One of many commendable strategies put in place by the previous administrations in Lagos to ensure law enforcement agents are cognitively, affectively and kinesthetically equipped was the introduction of Lagos State Law Enforcement Training Institute (LETI), and its continuity. Arguably, in any policy’s formulation process, while there is usually a consideration for latent and manifest functions, there is also intention and action as its bedrock. The latent and manifest functions of LETI are no doubt habitually well stated and are usually incorporated in the vision and mission of an organization in carrying out those functions.
The intentions and actions, on the other hand, are two important factors that drive the success of any policy. This is why it is argued that the intentions of LETI on LASTMA personnel appear superb, but its pedagogical processes and outcomes appear otherwise due to several factors including “uniqueness of LASTMA operations, nature/curriculum of LETI programmes and methodology imbibed by LETI facilitators in inculcating information”. It is as a result of these constraining factors that LASTMA deserves a standardized cum organized medium suitable for its specialized nature of service in educating its officials.
Although, having considered that LASTMA, like all other paramilitary/Civil Law Enforcement Agency in Lagos including Lagos State Neighborhood Safety Agency/Corps (LNSC), Department of Vehicle Inspection Service (DVIS), and Lagos Environmental Sanitation Agency/Corps (LAGESC) are all encompassed in the program of LETI to give adequate basic training on law enforcement so as to effectively represent the state employer in the cause of discharging their lawful duties. It is on this note that kudos must be given to the Lagos state government in its intentions and actions to make its social services agencies unique as it toils the path of progressives and as a good example to other states.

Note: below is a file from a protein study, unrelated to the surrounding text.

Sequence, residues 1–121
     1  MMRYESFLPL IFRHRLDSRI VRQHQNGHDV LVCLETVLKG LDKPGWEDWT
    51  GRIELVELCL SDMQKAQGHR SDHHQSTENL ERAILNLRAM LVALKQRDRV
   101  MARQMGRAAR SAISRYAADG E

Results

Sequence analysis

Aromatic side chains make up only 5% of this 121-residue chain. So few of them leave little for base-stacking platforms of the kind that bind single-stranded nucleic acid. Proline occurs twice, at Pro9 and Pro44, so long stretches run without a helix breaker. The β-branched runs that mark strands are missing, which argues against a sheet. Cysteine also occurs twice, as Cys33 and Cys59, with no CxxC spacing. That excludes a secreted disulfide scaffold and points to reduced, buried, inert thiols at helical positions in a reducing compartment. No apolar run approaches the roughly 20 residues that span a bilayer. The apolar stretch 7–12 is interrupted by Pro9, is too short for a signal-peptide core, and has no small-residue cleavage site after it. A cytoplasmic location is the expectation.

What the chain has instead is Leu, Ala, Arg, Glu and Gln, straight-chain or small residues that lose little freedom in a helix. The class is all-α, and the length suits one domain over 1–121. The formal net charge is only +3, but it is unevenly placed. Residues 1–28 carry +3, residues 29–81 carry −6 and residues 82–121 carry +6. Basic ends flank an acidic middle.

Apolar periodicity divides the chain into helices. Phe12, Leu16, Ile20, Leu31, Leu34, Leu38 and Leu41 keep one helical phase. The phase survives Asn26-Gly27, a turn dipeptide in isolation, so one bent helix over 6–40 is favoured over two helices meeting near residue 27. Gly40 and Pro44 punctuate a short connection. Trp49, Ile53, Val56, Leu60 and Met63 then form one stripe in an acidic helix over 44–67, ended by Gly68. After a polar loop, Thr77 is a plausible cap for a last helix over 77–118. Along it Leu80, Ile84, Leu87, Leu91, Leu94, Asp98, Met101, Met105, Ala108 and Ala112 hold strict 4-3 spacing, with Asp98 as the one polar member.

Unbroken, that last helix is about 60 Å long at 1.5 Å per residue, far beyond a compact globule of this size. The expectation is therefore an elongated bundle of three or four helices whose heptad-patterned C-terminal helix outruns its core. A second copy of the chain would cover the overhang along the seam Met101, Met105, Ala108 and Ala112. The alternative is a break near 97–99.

Bearing in mind that paramilitary is a law enforcement group that is civil in its operation, in order to clear the doubt of the public on why the operations of some paramilitary agencies like LASTMA and LAGESC are done with mean act, paramilitary is a semi-militarized force whose organizational structure, tactics, training, subculture, and (often) functions are similar to those of a professional military, but is not formally part of a country’s armed forces (Michael R., 1976). The state government, of course, might have had all these in mind and made it its bedrock in the process of creating these enforcement agencies to continually organize yearly professional training for the officers of all the enforcement agencies to get equipped with the fundamentals of enforcement processes through Law Enforcement Training Institute (LETI). However, are the aims and objectives of the body not contradictory?